The copy we are selling is similar to the one pictured above.
Side One: Mint Minus Minus
Side Two: Mint Minus Minus
- You'll find insanely good Shootout Winning Triple Plus (A+++) sound or close to it from first note to last on this vastly underrated Rod Stewart classic
- One of the few to hit our site over the years, and for that we apologize - Atlantic Crossing should be enjoyed by everyone in Hot Stamper form
- This is some of the best Muscle Shoals rock- and soul-inflected pop from producer Tom Dowd we know of
- AMG raves that "Three Time Loser and Stone Cold Sober catch fire," and on this copy we guarantee they do
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The last consistently good Rod Stewart album? Atlantic Crossing definitely gets my vote.
The copies we liked best were the biggest and richest, the least thin and dry. Many of the brighter copies also had sibilance problems which the richer and tubier ones did not.
What do the best pressings give you?
- Energy for starters. What could be more important than the life of the music? The best copies rock like only "The Memphis Horns and three-quarters of Booker T. and the MG's" can. We've been playing this record (at least I have) since it came out in 1975 and love the way it can sound on the better pressings.
- The Big Sound comes next -- wall to wall, lots of depth, huge space, three-dimensionality, all that sort of thing.
- Then transient information -- fast, clear, sharp attacks for the guitar notes, not the smear and thickness so common to most LPs.
- Tight punchy bass -- which ties in with good transient information, also the issue of frequency extension further down.
- Next: transparency -- the quality that allows you to hear deep into the soundfield, showing you the space and air around all the instruments.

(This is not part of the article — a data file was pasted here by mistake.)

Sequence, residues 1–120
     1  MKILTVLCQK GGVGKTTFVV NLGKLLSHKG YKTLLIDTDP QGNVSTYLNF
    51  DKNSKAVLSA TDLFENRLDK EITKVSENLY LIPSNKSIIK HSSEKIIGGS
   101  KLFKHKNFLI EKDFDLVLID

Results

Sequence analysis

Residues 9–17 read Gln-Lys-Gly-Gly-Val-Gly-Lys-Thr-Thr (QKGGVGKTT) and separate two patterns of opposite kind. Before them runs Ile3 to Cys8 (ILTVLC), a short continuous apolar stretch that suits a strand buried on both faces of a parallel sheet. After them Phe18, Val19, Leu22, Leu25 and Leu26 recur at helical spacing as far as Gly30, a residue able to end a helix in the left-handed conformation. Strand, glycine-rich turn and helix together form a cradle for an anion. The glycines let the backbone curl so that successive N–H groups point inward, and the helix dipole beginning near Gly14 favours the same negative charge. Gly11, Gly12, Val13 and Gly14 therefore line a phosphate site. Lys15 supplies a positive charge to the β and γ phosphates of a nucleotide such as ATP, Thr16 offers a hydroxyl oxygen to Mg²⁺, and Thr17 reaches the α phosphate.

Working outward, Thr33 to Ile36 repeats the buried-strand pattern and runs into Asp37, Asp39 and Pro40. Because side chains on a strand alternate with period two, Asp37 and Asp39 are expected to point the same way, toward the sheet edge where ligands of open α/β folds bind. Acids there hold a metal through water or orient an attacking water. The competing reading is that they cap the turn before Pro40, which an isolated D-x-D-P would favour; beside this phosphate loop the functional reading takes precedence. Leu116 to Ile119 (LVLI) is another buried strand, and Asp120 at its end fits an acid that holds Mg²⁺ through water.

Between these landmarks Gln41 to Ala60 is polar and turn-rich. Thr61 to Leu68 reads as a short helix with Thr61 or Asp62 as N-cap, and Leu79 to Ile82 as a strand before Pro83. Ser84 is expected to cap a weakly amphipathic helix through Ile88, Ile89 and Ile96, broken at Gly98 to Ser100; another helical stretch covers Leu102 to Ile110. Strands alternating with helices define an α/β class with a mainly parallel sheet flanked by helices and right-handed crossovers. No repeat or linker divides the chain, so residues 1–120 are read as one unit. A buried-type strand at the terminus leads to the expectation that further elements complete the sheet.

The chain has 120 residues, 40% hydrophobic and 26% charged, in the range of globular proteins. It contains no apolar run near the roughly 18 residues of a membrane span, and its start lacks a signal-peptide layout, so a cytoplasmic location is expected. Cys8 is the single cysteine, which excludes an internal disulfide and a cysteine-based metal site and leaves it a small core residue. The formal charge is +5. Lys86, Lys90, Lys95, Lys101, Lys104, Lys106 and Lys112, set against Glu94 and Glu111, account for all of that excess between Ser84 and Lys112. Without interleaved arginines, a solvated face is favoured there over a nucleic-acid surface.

- Extend the top and bottom and voila, you have The Real Thing -- an honest to goodness Hot Stamper.
Domestic Vs. British Vinyl
On some of the Rod Stewart albums that we happen to know well, the British pressings are clearly superior; the first two Rod Stewart albums come immediately to mind. After that, strange as it may seem, all the best pressings are domestic. This album is certainly no exception.
I remember bringing back a few Brit copies from England many years ago and being surprised that they were so thick, dull and dubby sounding. Of course, they were; the album was recorded right here in the good old US of A. The master tapes are here. The Brit pressings sound dubby because they are made from copy tapes.
If there is any doubt, the following is a list of the studios in which Atlantic Crossing was recorded.
- A&R, NY
- Criteria, Miami, FL
- Wally Heider, Los Angeles, CA
- Hi Recording and
- Muscle Shoals Sound, AL
Mint Minus Minus and maybe a bit better is about as quiet as any vintage pressing will play, and since only the right vintage pressings have any hope of sounding good on this album, that will most often be the playing condition of the copies we sell. (The copies that are even a bit noisier get listed on the site are seriously reduced prices or traded back in to the local record stores we shop at.)
Those of you looking for quiet vinyl will have to settle for the sound of other pressings and Heavy Vinyl reissues, purchased elsewhere of course as we have no interest in selling records that don't have the vintage analog magic of these wonderful originals.
If you want to make the trade-off between bad sound and quiet surfaces with whatever Heavy Vinyl pressing might be available, well, that's certainly your prerogative, but we can't imagine losing what's good about this music -- the size, the energy, the presence, the clarity, the weight -- just to hear it with less background noise.
Three Time Loser
Alright for an Hour
All in the Name of Rock 'n' Roll
Stone Cold Sober
I Don't Want to Talk About It
It's Not the Spotlight
This Old Heart of Mine
Still Love You
Atlantic Crossing wasn't simply the moment when Rod Stewart left Britain for the greener pasture of America, it was the moment when he accepted his role as a full-fledged, jet-setting superstar. Stewart abandoned the formula of his first five solo records, as well as most of his folk-rock and hard rock undercurrents, trading them for a professionally polished, rock- and soul-inflected pop, courtesy of Muscle Shoals' musicians and producer Tom Dowd.
The glossy production doesn't obscure or trivialize Stewart's talents — coming after the tired Smiler, the slickness actually accentuated his strength as an interpretive singer. "Three Time Loser" and "Stone Cold Sober" catch fire, and Stewart's heart-wrenching rendition of Danny Whitten's "I Don't Want to Talk About It" ranks as one of his finest performances.
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